With most Uni semesters being around or just past the half way point, a few course leaders may be considering giving students a week free from teaching. Whilst many will feel it’s an almighty haven or a substitute for half term, many soon realise it’s designed for it’s purpose – to give you a break from taking in more and more information, so you have time to process the notes you already have and to catch up on the giant reading/listening/watching list of resources you inevitably have from all your different modules.
With this in mind, here are some tips to make the most of your reading week, whether you’re slammed with assignments or left free to pursue your passion your own way.
Don’t Just Chill
Not having lectures for (most) of the week, it will often feel temping to have a week off . However, with deadlines looming and people often feeling they don’t have time to work with all their
sleeping –> listening in lectures, taking selfies instead of notes in seminars and spending hours working on your latest meme project in the workshops, take the idea of not having to get out of bed to go to them as an excuse to curl up with your notebook or pad of paper and crack on with those assignments. When it comes to the final deadlines and you’re working on other stuff whilst others are stressing out in overdrive, you’ll thank yourself
Don’t Burn Yourself Out Either
Having a timetable adds structure to your life and sometimes helps you have a daily routine. Having a reading week changes that. Whilst it’s important not to rest on your laurels and not work at all, it’s also important not to go the other way and spend all day and all night working. It might seem possible to do half a semester’s worth of work with all those extra hours, but it’s still important to have a break. We are only capable of working at full pace for a finite amount of time and pushing yourself through stress and strain regularly past this is not only bad for your health and well-being, it doesn’t do the quality of your work any good either, counter-acting the very element you should be focused on most.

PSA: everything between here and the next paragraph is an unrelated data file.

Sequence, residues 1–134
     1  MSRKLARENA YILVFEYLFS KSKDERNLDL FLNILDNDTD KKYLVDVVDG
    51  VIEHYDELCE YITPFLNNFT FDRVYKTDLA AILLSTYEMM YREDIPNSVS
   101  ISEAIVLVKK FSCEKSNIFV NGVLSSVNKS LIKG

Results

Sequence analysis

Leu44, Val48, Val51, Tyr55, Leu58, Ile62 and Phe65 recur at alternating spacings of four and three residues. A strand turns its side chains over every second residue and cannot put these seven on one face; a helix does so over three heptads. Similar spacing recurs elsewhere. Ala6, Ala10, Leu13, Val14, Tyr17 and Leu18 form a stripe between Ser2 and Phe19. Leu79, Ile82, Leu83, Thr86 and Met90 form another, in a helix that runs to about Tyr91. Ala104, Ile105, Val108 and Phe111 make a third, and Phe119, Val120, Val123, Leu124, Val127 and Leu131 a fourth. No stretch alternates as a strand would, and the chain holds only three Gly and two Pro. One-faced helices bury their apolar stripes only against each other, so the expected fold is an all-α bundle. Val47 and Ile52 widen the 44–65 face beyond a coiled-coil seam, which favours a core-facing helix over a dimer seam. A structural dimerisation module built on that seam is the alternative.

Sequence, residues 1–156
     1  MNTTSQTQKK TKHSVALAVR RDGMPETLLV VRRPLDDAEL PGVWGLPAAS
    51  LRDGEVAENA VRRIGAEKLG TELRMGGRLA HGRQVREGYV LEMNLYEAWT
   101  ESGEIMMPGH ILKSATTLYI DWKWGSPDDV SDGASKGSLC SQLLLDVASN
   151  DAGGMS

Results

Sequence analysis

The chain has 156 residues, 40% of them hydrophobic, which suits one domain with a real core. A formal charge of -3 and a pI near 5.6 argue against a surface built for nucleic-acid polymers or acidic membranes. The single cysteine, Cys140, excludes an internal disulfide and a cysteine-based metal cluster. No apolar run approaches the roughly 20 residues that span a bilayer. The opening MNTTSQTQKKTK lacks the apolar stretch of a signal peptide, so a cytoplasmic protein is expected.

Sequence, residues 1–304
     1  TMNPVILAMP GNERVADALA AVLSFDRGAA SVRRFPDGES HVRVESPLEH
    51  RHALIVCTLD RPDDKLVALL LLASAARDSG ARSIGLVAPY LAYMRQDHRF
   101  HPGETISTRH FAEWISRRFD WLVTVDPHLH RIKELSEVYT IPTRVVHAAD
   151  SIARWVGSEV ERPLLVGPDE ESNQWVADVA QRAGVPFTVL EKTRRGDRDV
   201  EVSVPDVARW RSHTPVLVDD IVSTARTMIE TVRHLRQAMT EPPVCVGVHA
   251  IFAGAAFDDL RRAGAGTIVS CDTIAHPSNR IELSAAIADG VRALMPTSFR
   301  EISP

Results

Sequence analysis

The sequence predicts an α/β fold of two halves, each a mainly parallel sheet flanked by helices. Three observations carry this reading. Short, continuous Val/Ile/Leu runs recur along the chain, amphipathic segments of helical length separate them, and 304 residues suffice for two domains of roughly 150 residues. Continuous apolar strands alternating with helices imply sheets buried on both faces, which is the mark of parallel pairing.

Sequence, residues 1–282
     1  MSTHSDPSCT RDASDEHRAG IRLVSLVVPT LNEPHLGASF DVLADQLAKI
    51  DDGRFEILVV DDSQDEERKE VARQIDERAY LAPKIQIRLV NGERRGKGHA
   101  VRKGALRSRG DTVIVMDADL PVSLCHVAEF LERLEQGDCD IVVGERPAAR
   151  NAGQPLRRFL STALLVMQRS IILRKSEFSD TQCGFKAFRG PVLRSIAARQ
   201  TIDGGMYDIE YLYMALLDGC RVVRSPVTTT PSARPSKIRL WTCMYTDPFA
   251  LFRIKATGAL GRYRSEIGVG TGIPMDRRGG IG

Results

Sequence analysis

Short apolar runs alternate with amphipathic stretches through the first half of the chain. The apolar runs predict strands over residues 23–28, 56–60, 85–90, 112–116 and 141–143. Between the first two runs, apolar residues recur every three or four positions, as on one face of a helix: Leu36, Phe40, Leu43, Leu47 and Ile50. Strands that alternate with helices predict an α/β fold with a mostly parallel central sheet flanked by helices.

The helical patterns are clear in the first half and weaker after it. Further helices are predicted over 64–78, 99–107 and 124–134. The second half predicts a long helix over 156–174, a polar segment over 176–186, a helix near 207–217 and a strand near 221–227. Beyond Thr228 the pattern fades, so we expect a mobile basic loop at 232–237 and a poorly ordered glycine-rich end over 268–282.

Make a Playlist
In this day and age, access to music is easier than ever and with science proving that music can benefit you and your productivity, it’s worth building yourself a set of motivational tunes to keep you going whilst you feed on that dopamine. With services such as Last.fm, Napster, Spotify, Deezer, Apple Music, Microsoft Groove,Tidal and Google Play all offering free trials, it’s always worth taking advantage even if it’s just for this short period. If you’re more of an old school listener, build yourself a mixtape or burn a compilation onto a disc to listen to offline and off PC.
When it comes to choosing music it doesn’t have to be a specific genre, or even the same genre. If it helps you get things done without overly distracting you, add it in! You’ll be surprised how much you’ll complete!
Struggling? Start a Group
Nobody has to work alone. If you find it hard to concentrate working on your assignments alone, why not see if you and your classmates want to club together? If you’re not local to each other, find a neutral place to meet such as a coffee shop or the local pub. There are many cafés that now come with free WiFi and even some with a dedicated working area for professionals and study groups.
For those that are studying through distance learning or perhaps have workmates that will be remote during the reading week/study break, why not use online technologies such as VoIP? Services such as Skype, Google Hangouts, appear.in or even Facebook Messenger to create free conference calls and bridge the gap between everyone.
And Finally, Make a Game Plan
Now you’ve had your first hit of the year ahead of you and what the workload you have has given you some perspective, make yourself a rough game plan for when the madness begins again. You don’t have to stick to it meticulously (unless you prefer to work like that), but at least you’ll have a sense of how you’ll manage your work on the road to Christmas and possibly beyond.